The vehicle has a solar panel roof that utilizes a special concentrator lens that increases the amount of energy that can be collected from the roof area. The C-MAX Solar Energi Concept has been given an EPA estimated rating of 108 MPGe city and 92 MPGe highway. An average vehicle owner could be expected to save as much as four metric tons of greenhouse gas emissions, by avoiding grid charging. That’s about one-third as much as a typical American home produces in a year.

Rebuilding Electric Power Business Models: The Cost of Disruptive Technology

The increasing generation of electricity from rooftop solar panels has had an impact on the utility industry, and it’s one they’re not particularly happy about. A recent paper by the Edison Electric Institute, entitled “Disruptive Challenges,” sounds dire warnings about what this could mean for their future. Solar energy burns a hole in the prime time peak power sold during the day, when the air conditioning load is highest. That is when utilities charge the highest rates and when they use the most of their capacity. It’s also when they get best value from their generation assets, when everything is running at full steam.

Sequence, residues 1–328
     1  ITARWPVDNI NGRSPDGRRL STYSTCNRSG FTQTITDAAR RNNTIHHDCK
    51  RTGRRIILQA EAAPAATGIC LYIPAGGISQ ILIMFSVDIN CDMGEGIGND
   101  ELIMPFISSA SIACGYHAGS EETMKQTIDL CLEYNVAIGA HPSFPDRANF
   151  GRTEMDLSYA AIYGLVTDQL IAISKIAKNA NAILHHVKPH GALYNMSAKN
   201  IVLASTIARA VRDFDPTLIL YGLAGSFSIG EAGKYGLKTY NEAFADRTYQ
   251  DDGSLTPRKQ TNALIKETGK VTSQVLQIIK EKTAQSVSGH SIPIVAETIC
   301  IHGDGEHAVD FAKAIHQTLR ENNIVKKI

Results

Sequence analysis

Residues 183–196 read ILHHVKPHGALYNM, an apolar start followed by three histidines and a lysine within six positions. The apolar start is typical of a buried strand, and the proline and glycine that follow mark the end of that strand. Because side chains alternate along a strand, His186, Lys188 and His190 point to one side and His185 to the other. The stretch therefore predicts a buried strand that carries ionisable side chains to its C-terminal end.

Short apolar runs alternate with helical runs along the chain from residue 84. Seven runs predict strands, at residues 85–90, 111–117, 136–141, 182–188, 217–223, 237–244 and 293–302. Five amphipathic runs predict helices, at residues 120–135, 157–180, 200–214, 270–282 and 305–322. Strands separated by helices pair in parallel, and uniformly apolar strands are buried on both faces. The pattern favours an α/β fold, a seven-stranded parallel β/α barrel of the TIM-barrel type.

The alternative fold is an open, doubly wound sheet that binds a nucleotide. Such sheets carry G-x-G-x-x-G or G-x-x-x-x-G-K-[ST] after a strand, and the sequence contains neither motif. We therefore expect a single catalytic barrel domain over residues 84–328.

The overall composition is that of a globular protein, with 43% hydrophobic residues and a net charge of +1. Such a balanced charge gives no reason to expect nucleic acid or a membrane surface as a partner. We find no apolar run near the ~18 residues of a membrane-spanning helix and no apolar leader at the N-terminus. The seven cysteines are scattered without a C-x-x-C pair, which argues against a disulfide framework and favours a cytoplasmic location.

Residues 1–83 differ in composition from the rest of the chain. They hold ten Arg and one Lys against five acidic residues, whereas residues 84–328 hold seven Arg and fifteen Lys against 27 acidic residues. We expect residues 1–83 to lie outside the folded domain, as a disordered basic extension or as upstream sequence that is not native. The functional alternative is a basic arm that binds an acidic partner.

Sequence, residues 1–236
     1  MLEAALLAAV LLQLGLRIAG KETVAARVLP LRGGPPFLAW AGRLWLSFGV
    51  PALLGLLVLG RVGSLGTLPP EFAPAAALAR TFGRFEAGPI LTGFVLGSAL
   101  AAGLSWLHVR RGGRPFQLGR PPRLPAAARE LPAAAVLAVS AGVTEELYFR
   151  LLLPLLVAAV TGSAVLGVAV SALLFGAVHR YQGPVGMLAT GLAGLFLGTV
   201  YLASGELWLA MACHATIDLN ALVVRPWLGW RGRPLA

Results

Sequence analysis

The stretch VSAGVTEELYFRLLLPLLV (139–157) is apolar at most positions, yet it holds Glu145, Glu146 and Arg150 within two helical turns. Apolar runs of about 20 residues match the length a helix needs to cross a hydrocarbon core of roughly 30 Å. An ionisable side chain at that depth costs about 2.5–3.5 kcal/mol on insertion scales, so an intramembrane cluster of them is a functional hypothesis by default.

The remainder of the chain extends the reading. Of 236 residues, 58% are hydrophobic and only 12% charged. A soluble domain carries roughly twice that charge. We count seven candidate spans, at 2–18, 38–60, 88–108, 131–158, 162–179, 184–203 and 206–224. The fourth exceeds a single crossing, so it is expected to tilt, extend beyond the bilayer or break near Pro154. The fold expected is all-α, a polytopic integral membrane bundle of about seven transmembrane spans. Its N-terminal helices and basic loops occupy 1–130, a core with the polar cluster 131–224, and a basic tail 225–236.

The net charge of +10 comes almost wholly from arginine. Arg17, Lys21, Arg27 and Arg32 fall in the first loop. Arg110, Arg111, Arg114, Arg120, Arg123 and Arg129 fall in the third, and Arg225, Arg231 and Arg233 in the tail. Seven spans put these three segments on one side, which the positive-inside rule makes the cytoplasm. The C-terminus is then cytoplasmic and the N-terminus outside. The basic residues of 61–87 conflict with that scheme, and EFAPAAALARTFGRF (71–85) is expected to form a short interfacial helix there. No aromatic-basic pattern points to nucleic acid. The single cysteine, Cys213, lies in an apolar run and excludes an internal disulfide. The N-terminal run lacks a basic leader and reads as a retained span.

Not only do they lose sales, but they are also required to buy up any excess power from those self-generators, providing a back-up service for them in the process, swooping in with needed electrons any time the sun goes behind a cloud. That provision is called net metering, which is now mandated in more than 40 states.